The eighteenth-century and romantic studies graduate seminar meets for the second time this term on Thursday (31st January) at 4.45pm in the English Faculty board room. Professor Karen O’Brien from the University of Birmingham will talk about ‘The Re-Rise of the Novel, 1750-1820’, chaired by Dr Louise Joy. Everyone is most welcome to attend.
On Wednesday 30th January, Dr Adam Fox from the University of Edinburgh will present a paper entitled ‘The Making of the Scottish Chapbook, 1680-1760’. The Early Modern British and Irish Seminar meets at 5.15pm in the Graham Storey Room, Trinity Hall. The seminar is followed by a drink and dinner, to which all are welcome.
On Tuesday the 29th January Professor Ian McBride will address the Cambridge Group for Irish Studies on ‘Jonathan Swift and the Whole People of Ireland’. The seminar will be held at 8.45pm in the Parlour, Magdalene College, and all are welcome to attend.
In his inflammatory Letter to the Whole People of Ireland (1724) Swift complained that ‘all Government without the Consent of the Governed is the very Definition of Slavery’. Accordingly he repudiated the idea of Ireland’s subordination to Britain, a longstanding English assumption embodied in the Declaratory Act of 1720. At a tempestuous gathering of the Irish privy council on 27 October 1724, Lord Carteret called for the prosecution of the printer of this ‘Wicked and Malicious Pamphlet’ and offered a reward of £300 for anyone who would disclose the identity of the seditious author. What had begun as a dispute between the fictional ‘Drapier’ and the Wolverhampton ironmonger William Wood was escalating into a dangerous confrontation between the Irish people and the British parliament. It was also an increasingly personal struggle between Jonathan Swift, now hardly bothering with his literary disguise, and Robert Walpole. 1724 saw an unprecedented mobilisation of public opinion in Ireland. The forced withdrawal of the patent was a humiliating defeat for London ministers used to subordinating Ireland’s political and economic interests to their own. It also transformed Swift’s political standing. The ageing reactionary was dramatically reincarnated as the ‘Hibernian patriot’, a popular hero whose birthday was celebrated by the Dublin crowd and whose example inspired later generations of Irish nationalists. But what did Swift mean when he claimed that Ireland was in a state of slavery, and who were the ‘whole people’ of Ireland?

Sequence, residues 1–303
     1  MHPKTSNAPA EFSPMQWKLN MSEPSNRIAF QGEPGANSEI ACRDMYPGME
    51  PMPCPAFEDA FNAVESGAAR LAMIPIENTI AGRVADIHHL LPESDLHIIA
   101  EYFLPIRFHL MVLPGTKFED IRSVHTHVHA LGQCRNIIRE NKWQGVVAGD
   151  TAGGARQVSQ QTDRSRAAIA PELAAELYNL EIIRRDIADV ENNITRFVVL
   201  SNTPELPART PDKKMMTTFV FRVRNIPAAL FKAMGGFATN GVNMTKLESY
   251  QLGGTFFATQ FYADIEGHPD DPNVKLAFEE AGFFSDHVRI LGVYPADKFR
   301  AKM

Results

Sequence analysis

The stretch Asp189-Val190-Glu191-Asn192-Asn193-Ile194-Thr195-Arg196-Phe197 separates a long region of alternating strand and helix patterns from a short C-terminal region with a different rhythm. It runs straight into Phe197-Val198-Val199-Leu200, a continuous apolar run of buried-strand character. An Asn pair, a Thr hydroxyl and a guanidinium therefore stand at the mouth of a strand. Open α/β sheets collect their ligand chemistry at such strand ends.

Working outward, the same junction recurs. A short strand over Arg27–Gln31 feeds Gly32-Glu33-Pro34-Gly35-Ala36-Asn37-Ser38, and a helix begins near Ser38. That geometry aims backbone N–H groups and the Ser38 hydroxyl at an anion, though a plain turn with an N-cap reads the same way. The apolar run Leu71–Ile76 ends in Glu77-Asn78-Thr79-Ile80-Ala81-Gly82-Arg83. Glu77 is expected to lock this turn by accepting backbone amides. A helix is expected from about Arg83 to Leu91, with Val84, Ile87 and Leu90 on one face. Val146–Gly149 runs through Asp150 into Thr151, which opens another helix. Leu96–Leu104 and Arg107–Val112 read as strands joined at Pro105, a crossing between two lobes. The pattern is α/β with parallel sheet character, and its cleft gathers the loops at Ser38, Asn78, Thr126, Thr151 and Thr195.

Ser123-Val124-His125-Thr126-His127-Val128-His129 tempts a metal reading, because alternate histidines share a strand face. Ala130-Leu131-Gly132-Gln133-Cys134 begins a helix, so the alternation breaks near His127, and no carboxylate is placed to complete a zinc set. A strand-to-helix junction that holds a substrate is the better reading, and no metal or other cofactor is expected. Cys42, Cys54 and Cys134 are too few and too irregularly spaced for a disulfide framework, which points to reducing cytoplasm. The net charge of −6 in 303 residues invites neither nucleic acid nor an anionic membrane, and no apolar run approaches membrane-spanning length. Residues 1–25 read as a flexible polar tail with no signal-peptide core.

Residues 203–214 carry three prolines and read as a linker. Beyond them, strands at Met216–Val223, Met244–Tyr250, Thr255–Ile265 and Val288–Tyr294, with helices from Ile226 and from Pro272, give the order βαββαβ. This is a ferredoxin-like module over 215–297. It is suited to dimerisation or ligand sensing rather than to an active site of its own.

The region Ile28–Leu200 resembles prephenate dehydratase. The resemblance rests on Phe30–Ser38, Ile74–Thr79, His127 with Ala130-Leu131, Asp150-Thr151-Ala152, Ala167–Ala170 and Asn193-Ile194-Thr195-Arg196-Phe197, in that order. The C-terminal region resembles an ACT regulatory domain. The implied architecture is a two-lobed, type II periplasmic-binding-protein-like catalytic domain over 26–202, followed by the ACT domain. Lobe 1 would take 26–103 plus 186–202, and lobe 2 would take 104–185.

About the Speaker:
Ian McBride is Professor of Irish and British History at King’s College London. His most recent book is Eighteenth-Century Ireland: The Isle of Slaves (2009), and he is currently completing Irish Political Writings 1: The Cambridge Edition of the Works of Jonathan Swift.
A Window on Antiquity: the Topham Collection at Eton College Library
Collecting and the Grand Tour in Eighteenth-Century England
The Paul Mellon Centre for Studies in British Art
17 May 2013
This conference will accompany the exhibition Paper Palaces: the Topham Drawings as a
Source for British Neo-Classicism to be held at Eton College Library, Verey Gallery, 9 May–1 November 2013
The conference organisers invite proposals for papers on any aspect of the Topham Collection.
Special consideration will be given to papers examining the Topham Collection in relation to British and European antiquarian and artistic culture. Cross-disciplinary and comparative studies are particularly welcome. The conference, jointly hosted by Eton College, The Paul Mellon Centre for Studies in British Art and The University of Buckingham, will be held in London at The Paul Mellon Centre on 17 May, 2013. Selected papers may be published in an edited volume.
For further information please see the official call for papers. The deadline for proposals to reach the organisers is the 10th February 2013.
On Monday 21st January Carl Griffin, from Queen’s University, Belfast, will address the Modern British History graduate seminar on ‘The Culture of Combination: Forging Solidarities in Rural England, 1815-c.1840’. The seminar will meet at 5pm in the Nihon Room, Pembroke College.
We are pleased to announce that Class and the Canon: Constructing Labouring-Class Poetry and Poetics, 1780-1900, edited by Kirstie Blair and our very own Mina Gorji, has been published by Palgrave Macmillan. You can have a quick look inside, and read some glowing snippet reviews, on amazon.
The eighteenth-century and romantic studies seminar meets for the first time this term on Thursday 17th of January, at 4.45pm in the English Faculty boardroom. Katherine Halsey will be talking about ‘Jane Austen and Gilpin’s Picturesque’, chaired by Sophie Read. To read an abstract of the paper and to find out more about our speaker, please visit our seminar page. A preview image, to whet our appetites for Gilpin’s landscapes, is also included!